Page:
How to restore your system in 53 easy steps!

Discussion in 'macOS' started by spellflower, Mar 2, 2011.

  1. spellflower macrumors regular

    Joined:
    Jun 7, 2005
    #1
    1. Insert Snow Leopard Disc.
    2. Restart the computer.
    3. Follow installation instructions.
    4. When prompted, connect Time Machine backup drive.
    5. Shake head in bafflement when it says that there’s not enough room even though you just installed a bigger hard drive.
    6. Do research on internet and learn that backup must be restored to Leopard since that’s what was running when it was backed up.
    7. Insert Leopard disc.
    8. Restart the computer.
    9. Follow installation instructions.
    10. Read message that says that you need to have Tiger installed first.
    11. Eject Leopard disc.
    12. Insert Tiger disc.
    13. Restart the computer.
    14. Follow installation instructions.
    15. Wait for Tiger to install (45 minutes).
    16. Eject Tiger disc.
    17. Insert Leopard disc.
    18. Restart the computer.
    19. Follow installation instructions.
    20. Wait 40 minutes while it looks like it’s loading.
    21. Read the message that says that the disc is dirty and it can't finish.
    22. Search menus until you finally figure out how to eject the disc.
    23. Clean the disc and reinsert it.
    24. Restart the computer.
    25. Follow installation instructions.
    26. Wait for Leopard to install (1 hour)
    27. When prompted, connect Time Machine backup drive.
    28. Follow restore instructions.
    29. Read message that says that it can’t install the backup because your version of Leopard is not up to date.
    30. Eject disc.
    31. Stare in disbelief at the blinking question mark that signifies a blank hard drive.
    32. Insert Tiger disc.
    33. Restart the computer.
    34. Follow installation instructions.
    35. Wait for Tiger to install (45 minutes).
    36. Eject Tiger disc.
    37. Insert Leopard disc.
    38. Restart the computer.
    39. Follow installation instructions.
    40. Wait for Leopard to install (1 hour)
    41. Install OSX updates.
    42. Restart the computer.
    43. Follow installation instructions.
    44. Wait for OSX to update (25 minutes).
    45. Restart the computer.
    46. Connect the Time Machine backup drive.
    47. Use Disc Utility to restore system.
    48. Restart the computer.
    49. Eject Leopard disc.
    50. Insert Snow Leopard disc.
    51. Restart the computer.
    52. Follow installation instructions.
    53. Wait for Snow Leopard to install (1 hour).
    54. Restart the computer. (Okay, it's actually 54 steps.)

    And that’s it!
    :D
     
  2. alust2013 macrumors 601

    alust2013

    Joined:
    Feb 6, 2010
    Location:
    On the fence
    #2
    I understand your pain. I went through a similar fun process attempting to restore my computer as it had started being a bit sluggish. For some reason, something in my backup was corrupt, so that when it restored from time machine, it would refuse to boot. Then, (after changing a few things and trying this multiple times) I finally just did a clean install, and when it booted, hesitantly clicked restore from time machine, waited an hour and it actually worked. Then the really scary part: updating the OS, which forced me to restart. After 3-4 installs that refused to boot, I was about to bribe the computer to work properly. Thankfully it booted and was back to its normal speedy self.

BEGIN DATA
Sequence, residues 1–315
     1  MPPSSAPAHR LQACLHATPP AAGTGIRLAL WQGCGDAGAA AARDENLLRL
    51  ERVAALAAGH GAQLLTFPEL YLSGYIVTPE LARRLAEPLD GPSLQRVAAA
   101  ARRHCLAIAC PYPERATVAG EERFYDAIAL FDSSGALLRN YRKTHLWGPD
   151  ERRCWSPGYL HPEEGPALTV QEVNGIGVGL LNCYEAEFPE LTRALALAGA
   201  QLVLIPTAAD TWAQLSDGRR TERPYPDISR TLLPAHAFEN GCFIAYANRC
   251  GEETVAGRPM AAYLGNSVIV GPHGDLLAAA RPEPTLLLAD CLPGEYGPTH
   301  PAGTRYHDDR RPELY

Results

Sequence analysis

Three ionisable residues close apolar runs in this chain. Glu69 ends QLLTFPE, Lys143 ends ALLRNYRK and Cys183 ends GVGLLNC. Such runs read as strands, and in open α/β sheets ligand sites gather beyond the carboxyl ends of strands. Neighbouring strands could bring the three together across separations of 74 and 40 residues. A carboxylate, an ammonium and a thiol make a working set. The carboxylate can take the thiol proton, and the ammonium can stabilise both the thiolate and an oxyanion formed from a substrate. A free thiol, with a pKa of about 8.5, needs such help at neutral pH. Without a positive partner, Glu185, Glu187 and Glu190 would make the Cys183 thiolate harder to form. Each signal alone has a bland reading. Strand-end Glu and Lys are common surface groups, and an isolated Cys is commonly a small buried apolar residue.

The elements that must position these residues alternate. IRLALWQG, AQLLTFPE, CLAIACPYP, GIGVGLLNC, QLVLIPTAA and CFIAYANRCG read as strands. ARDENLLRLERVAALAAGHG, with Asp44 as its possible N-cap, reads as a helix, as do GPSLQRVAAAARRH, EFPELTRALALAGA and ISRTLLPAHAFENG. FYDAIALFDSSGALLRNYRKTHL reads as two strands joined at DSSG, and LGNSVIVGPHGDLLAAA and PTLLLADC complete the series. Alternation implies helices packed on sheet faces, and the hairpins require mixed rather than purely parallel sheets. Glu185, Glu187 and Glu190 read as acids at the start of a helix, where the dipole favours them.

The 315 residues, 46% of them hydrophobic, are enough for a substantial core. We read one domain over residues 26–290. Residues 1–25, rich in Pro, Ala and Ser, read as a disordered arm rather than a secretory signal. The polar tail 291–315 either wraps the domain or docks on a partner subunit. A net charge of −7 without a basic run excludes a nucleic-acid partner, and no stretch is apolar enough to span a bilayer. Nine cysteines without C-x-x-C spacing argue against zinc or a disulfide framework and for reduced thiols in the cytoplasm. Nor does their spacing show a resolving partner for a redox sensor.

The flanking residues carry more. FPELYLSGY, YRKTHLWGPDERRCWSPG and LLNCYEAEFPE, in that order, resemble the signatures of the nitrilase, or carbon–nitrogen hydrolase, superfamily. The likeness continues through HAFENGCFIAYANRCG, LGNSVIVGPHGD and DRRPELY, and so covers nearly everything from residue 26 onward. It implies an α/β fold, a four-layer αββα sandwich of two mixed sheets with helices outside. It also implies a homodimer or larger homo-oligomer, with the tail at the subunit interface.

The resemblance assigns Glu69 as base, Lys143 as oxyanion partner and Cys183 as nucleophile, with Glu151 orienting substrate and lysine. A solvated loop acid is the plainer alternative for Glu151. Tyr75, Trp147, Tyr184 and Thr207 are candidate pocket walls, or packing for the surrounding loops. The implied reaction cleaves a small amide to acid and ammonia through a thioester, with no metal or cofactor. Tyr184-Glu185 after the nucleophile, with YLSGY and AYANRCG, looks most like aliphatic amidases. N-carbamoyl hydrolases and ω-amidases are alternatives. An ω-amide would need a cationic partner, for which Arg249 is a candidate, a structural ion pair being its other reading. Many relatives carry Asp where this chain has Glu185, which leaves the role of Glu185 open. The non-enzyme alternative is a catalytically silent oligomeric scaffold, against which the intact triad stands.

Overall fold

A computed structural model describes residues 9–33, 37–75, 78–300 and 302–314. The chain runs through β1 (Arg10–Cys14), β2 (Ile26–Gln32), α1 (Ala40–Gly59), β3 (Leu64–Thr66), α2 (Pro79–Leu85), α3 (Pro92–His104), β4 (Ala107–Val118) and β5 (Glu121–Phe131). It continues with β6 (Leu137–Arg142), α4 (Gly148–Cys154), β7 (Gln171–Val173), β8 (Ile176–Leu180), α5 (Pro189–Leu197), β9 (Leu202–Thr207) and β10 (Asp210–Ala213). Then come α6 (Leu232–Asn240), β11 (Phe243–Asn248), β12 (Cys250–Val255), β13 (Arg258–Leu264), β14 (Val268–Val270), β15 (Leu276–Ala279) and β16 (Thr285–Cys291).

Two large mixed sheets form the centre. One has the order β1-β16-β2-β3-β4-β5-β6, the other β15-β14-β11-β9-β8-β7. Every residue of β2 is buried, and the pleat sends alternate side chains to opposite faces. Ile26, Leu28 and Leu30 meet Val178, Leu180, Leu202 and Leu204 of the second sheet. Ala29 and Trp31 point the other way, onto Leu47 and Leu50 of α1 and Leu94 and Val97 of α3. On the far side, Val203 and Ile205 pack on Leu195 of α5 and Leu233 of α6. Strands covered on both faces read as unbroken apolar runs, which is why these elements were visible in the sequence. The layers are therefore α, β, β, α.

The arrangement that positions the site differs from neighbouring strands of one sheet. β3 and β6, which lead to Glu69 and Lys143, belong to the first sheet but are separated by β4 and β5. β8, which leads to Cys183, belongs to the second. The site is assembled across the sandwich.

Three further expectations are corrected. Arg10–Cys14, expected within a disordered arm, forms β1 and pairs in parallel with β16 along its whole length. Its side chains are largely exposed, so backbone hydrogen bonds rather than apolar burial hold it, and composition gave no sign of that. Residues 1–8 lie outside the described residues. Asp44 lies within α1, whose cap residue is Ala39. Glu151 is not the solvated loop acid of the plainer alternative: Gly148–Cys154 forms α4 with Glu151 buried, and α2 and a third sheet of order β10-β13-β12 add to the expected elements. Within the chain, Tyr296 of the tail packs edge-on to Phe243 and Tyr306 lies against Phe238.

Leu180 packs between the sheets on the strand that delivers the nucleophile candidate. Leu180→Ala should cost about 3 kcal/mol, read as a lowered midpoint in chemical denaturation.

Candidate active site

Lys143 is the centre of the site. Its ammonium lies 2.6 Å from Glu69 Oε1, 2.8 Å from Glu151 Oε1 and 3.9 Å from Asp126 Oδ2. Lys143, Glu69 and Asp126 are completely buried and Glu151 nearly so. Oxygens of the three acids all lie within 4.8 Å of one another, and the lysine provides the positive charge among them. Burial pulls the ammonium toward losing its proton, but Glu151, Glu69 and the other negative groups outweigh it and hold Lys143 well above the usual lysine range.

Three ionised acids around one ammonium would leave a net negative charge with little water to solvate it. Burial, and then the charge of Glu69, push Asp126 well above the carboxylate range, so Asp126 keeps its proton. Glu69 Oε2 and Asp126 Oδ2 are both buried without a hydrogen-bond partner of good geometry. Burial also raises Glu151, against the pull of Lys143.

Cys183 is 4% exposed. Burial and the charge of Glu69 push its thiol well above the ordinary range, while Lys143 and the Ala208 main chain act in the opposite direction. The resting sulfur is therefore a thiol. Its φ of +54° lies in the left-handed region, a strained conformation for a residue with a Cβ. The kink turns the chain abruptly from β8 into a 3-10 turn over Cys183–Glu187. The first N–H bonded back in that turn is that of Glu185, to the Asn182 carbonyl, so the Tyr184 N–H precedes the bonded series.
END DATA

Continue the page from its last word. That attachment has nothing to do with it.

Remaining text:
3. Damo01 macrumors regular

    Joined:
    Feb 11, 2010
    Location:
    Australia
    #3
    I don't need 54 steps to downgrade the OS and upgrade the OS to restore the OS.
     
  4. spellflower thread starter macrumors regular

    Joined:
    Jun 7, 2005
    #4
    Where were you when I needed you!
     
  5. the-ep macrumors member

    Joined:
    Sep 20, 2010
    Location:
    Wait, where am I again?
    #5
    Wow, that's a lot simpler than Windows and its 314 (or, in the case of Vista/ME, 555) steps for recovery! :D
    But you forgot additional steps for completely wiping the hard drive via a 7-pass erase in each OS Installer's Disk Utility, as well as partitioning for the OS and installing the latest updates! </sarcasm>

    This is actually excessively overkill for a system restore.
     
  6. dark knight macrumors regular

    Joined:
    Oct 28, 2008
    #6
    i think thats a bit unfair, ive done this before and all you do is get on with other things and occasionally walk past to click ok or similar. compared to a windows machine this is a doddle. also, if you have a time machine backup, all those little things about your system just get put back the way they were.

    surely people remember restoring a windows system and them sitting there afterwards with all the driver disks and software packs, then finding everything on the system needed personalising again.
    Go Apple.
     
  7. spellflower thread starter macrumors regular

    Joined:
    Jun 7, 2005
    #7
    I just wish that it had told me that I needed to update Leopard before it erased my HD.

    It would also be nice if the Snow Leopard disc could install a Time Machine backup from a previous OS.

    I also had the bad luck to have the update version of Leopard that shipped with machines that had Tiger installed, and requires Tiger already be on the machine to install Leopard.

    Still glad I don't own a PC, though!
     

Share This Page